A hundred women from across the world — the list included politicians, lawyers, businesswomen, social workers, writers, musicians, actors, sportspersons, and even comedians — came together for a day of debate, discussion and introspection on the most crucial issues facing women at the 100 Women Conference on Friday.

Hosted by the BBC at the New Broadcasting House in London, the conference was the culmination of the 100 Women Season launched by the BBC on October 7. The woman-centred focus of the new season of programming on all platforms of the BBC’s global news channels commenced with a documentary on Malala Yousufzai by Mishal Hussain

From former tennis champion and 18-times Grand Slam singles winner Martina Navratilova, who spoke of the need to “break boundaries, be yourself and believe in yourself”, to physicist and Gender Equality Champion of the University of Cambridge Professor Dame Athene Donald, who spoke on why women are under-represented in science and technology, the 100 Women Conference presented a many-layered picture of women’s experiences of inequality.

Motivation

The gang rape of a young girl in the winter of 2012 in Delhi set off a process of soul-searching within the BBC. Journalists and editors reflected on whether the multi-platform media organisation with a formidable world presence was doing enough in its coverage of women. An audience survey came back with findings that laid the foundation for the 100 Women Season. Women audiences said that they wanted their experiences to be better reflected and represented on the BBC World Service.

“The idea for this had its roots in India, as it took shape following the New Delhi rape which started a debate on where we were with women’s rights,” Fiona Crack, Editor for 100 Women, told The Hindu.

The 100 Women Conference was structured around four major debates or themes. The first was News of the Day, under which the 100 discussed three issues that are currently in the headlines; namely, phone tapping; the Syria crisis (and its impact on women); and discrimination against the Roma community.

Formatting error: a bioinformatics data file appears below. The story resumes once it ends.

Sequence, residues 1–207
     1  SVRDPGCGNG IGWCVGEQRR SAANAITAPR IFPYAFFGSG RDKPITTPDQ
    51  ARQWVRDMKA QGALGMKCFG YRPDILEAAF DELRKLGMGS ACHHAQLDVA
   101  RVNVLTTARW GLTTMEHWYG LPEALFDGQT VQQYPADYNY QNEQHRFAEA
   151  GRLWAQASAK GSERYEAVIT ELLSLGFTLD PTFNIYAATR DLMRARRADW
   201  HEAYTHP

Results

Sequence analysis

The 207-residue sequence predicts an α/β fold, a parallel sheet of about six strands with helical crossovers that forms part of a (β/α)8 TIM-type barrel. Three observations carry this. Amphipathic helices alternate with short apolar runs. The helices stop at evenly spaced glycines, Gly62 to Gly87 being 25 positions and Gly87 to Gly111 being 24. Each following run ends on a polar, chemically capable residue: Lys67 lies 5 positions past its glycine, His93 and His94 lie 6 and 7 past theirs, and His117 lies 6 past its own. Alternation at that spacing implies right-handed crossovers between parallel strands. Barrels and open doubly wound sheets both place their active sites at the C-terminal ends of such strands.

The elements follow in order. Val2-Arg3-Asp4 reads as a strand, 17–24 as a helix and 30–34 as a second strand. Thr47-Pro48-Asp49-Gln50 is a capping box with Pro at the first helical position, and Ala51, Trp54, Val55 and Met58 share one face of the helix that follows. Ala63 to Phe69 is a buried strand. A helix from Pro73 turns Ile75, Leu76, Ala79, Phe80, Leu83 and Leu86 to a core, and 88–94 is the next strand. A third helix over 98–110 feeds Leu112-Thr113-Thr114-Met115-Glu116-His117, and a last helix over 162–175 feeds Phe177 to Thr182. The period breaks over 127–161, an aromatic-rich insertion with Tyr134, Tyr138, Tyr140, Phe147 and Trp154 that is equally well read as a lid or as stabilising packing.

The second was The Big Idea in which six women — Obiageli Ezekwesili, Senior Adviser, Open Society Foundation; Cherie Blair, British barrister; Fawzia Koofi, MP and former Deputy Speaker in the Afghan National Parliament; Cerrie Burnell, children’s TV presenter; Claudia Paz y Paz, Attorney-General of Guatemala; and Selma James, writer and activist — each presented a Big Idea on how women’s lives could be improved. Of the 100 women present, 24 per cent voted for the Big Idea from Claudia Paz y Paz who called for greater levels of prosecution of those who perpetrate violence against women.

The third debate had four representatives from major religions and one atheist engaging in debate on an issue that is increasingly confronting the women’s movement today: Can faith and feminism coexist? It saw the radical Spanish nun Teresa Forcades and the British woman stand-up comedian and atheist Kate Smurthwaite cross swords. Ms. Smurthwaite spoke of the “deeply misogynistic” history of all major religions. Ms. Forcades argued that as a Catholic she is working to change the patriarchal system in the Church.

The fourth debate was on whether motherhood is a barrier to women’s equality.

“We did not seek to compile a list of the 100 most powerful women in the world,” said Rupa Jha, a senior editor with BBC and co-host of the Conference. “These women have pushed boundaries, and they represent the world of women and women audiences.”

The response to the 100 Women Conference was overwhelming. “Women took it to the next level through the hash tag, and we realised that we had tapped into something very relevant. In London, 100 Women was trending at the top the whole day and globally it was between number one and three,” Ms. Crack said.

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